Posted on June 6, 2019 (updated: June 6, 2019)

Treat plastic as a toxic substance, environmental lawyers urge federal government

A pile of plastic waste
Photo: Lisa Risager via CC by SA 2.0.

HALIFAX, 6 June 2019 – More than 20 environmental lawyers signed a letter today urging the federal government to treat plastic waste as a toxic substance under the Canadian Environmental Protection Act (CEPA) in order to unlock a range of regulatory options. A substance can be designated as “toxic” under CEPA if there is sufficient evidence of it causing harm to the environment, or presenting a danger to human health or biodiversity.

The letter calls upon the Minister of Environment and Climate Change, Catherine McKenna, and the Minister of Health, Ginette Petitpas Taylor, to use all the tools at their disposal under CEPA to control unnecessary plastics. Ecojustice recommends the Ministers reduce plastic pollution by eliminating single-use plastics, forcing producers to take back their plastic through extended producer responsibility programs, and ensuring all remaining plastics can either be reused or recycled.

A year ago, on behalf of 10 environmental groups, Ecojustice asked Minister McKenna to add single-use plastics to CEPA’s Priority Substance List. Adding single-use plastics to the priority substance list would require the Ministers to assess the “toxicity” of plastics under CEPA.  The Minister did not answer Ecojustice’s request from June 2018. A year later, the plastic pollution crisis has only worsened.

James Gunvaldsen Klaassen, lawyer for Ecojustice said:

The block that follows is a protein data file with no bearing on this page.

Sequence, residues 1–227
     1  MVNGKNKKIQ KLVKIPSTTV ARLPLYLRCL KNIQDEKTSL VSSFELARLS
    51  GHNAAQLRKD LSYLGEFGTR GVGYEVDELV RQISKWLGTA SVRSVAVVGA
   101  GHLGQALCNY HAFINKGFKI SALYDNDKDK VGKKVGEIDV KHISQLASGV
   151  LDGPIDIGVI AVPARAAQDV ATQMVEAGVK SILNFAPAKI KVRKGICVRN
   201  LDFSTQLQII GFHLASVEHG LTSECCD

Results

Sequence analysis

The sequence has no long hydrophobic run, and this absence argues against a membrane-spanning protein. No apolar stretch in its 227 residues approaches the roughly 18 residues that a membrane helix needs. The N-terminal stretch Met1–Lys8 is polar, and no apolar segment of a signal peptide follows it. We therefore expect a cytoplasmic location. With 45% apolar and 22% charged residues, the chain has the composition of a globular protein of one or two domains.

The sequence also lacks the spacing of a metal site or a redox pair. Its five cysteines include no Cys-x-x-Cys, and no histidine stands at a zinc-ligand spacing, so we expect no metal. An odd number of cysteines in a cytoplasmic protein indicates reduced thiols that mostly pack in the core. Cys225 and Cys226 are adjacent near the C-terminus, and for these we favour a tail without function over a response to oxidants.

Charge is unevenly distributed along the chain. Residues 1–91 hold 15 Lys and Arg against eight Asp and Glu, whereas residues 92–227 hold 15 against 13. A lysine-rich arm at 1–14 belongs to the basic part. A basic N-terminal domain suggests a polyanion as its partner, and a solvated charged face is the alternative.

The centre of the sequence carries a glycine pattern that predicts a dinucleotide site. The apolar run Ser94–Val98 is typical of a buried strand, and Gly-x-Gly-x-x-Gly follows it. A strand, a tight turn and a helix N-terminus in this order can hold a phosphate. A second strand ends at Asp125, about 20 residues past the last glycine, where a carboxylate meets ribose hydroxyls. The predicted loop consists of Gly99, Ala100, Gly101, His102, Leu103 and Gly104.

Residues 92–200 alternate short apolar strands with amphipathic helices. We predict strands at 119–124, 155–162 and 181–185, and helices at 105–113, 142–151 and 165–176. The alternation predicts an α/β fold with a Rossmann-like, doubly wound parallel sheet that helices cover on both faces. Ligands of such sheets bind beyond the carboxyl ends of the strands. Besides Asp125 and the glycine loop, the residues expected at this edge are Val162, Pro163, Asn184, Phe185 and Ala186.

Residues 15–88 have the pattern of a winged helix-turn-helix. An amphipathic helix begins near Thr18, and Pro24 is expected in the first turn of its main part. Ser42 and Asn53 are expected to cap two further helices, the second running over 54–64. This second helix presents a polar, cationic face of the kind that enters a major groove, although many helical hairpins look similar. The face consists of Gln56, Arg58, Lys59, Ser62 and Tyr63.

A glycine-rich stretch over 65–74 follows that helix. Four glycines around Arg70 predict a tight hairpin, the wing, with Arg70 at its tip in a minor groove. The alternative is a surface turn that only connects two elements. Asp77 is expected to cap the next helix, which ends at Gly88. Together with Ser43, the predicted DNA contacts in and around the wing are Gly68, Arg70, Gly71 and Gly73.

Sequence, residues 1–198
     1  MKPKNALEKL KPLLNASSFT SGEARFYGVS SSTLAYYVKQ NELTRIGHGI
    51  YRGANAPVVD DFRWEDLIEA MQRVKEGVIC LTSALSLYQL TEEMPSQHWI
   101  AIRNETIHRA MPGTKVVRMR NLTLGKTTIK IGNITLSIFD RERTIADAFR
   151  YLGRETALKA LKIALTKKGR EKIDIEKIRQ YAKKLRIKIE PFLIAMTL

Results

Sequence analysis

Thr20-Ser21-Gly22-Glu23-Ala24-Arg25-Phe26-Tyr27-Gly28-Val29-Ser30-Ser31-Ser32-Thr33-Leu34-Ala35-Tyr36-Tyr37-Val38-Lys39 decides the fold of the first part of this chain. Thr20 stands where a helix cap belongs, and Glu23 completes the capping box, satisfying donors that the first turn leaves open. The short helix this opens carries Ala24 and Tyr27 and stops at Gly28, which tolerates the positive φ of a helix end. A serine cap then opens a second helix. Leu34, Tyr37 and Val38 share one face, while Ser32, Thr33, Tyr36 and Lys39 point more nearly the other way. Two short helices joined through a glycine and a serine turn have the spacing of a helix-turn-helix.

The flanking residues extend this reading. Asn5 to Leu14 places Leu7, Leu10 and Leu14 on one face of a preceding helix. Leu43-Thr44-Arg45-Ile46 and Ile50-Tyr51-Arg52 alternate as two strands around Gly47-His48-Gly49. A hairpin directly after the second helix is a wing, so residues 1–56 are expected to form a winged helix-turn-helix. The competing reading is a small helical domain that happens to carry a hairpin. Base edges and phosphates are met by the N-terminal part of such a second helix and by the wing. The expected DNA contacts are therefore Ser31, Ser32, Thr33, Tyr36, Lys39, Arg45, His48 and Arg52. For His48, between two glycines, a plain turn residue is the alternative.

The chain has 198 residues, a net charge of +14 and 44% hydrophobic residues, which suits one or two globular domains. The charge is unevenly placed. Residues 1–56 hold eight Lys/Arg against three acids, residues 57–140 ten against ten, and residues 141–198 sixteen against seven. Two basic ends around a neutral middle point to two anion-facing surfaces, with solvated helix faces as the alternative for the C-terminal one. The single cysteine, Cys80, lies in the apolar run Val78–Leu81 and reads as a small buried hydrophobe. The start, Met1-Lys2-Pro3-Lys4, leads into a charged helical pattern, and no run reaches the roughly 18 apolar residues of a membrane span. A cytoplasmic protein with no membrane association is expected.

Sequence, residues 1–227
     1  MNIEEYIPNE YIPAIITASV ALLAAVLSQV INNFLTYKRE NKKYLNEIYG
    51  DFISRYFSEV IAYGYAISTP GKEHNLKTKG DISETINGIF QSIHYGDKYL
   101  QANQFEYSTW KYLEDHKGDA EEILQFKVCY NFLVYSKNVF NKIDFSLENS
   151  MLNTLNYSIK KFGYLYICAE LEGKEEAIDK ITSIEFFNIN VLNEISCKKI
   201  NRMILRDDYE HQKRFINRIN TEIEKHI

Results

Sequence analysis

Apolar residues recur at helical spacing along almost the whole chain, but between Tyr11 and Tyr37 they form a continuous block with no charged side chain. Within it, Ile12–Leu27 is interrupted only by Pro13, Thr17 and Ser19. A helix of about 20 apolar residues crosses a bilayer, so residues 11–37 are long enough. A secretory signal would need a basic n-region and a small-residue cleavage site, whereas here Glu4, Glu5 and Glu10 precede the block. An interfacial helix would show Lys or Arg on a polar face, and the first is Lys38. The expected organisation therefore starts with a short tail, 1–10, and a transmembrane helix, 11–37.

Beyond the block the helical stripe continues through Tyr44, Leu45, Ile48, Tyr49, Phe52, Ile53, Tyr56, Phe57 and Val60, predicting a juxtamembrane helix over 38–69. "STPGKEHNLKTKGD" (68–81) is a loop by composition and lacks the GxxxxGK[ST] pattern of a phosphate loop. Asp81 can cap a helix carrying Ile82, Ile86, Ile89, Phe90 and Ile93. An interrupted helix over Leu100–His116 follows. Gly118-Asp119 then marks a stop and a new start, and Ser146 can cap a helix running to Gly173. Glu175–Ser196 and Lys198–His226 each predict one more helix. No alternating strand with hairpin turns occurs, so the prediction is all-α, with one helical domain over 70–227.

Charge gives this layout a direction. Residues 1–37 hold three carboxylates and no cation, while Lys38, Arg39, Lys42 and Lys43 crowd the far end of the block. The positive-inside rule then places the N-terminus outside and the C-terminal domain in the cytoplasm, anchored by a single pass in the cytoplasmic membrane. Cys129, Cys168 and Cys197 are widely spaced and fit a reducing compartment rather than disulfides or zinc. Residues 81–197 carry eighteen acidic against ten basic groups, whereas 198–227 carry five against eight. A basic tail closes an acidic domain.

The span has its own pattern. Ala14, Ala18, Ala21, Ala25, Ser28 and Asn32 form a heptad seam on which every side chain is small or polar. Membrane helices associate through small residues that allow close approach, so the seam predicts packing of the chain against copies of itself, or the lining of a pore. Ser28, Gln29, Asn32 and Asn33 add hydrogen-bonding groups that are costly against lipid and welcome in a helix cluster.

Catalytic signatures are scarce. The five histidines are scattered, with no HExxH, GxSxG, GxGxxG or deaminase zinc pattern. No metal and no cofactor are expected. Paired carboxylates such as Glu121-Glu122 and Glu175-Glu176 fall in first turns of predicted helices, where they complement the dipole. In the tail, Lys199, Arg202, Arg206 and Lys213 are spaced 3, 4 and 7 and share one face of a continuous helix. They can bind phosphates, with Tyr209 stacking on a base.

“Plastic waste is entering the natural environment in huge volumes and it’s the most widespread pollutant of our oceans, waterways and soil.  There is growing evidence that plastics are becoming a threat to human health by affecting our drinking water and food. We’re at a point where government needs to use the full scope of the law to protect the environment and people from plastic.

“We’re asking Minister Catherine McKenna and Minister Ginette Petitpas Taylor to use existing tools under the Canadian Environmental Protection Act to develop regulations that will stop Canadians from drowning in the rising tide of our plastic waste. Breaking our reliance on single-use plastics, pushing responsibilities back on the producers, and creating an economy that forces plastic to be recycled or reused, will keep Canadians from harm while we start cleaning up our current plastics mess.”

Dr David Boyd, Associate Professor and UN Special Rapporteur on human rights and the environment, said:

“The European Union has already taken strong action to tackle the dirty dozen of plastic items, from straws to cigarette butts. It is time for Canada’s political leaders to stop talking and start taking actions to prevent plastic pollution.”

Facts about plastics:

  • Canada generates 3.268 million tonnes of plastic waste each year. In 2016, according to Environment and Climate Change Canada, 29,000 tonnes of this plastic waste was released into the Canadian environment.
  • Scientists in Canada and around the world agree that vast amounts of plastic entering the natural environment is detrimental to biodiversity, presenting a danger to the environment on which life depends. There is also growing evidence that plastic waste may constitute a danger in Canada to human health. The scientific evidence establishes, beyond any doubt, that plastic waste is toxic or capable of becoming toxic.
  • By 2021, the European Union will ban 10 categories of plastic items with the express goal of reducing the amount of plastic waste that is created. These plastics also exist in Canada and are causing damage to the Canadian environment by their continued presence. The European Union has also introduced a producer responsibility scheme requiring producers to cover the cost of public collection systems and, where necessary, marking their products with warnings as to the dangers to the environment for improper disposal.

For media inquiries

Catharine Tunnacliffe, Communications Manager |Ecojustice
ctunnacliffe@ecojustice.ca, 416-368-7533 ext: 542

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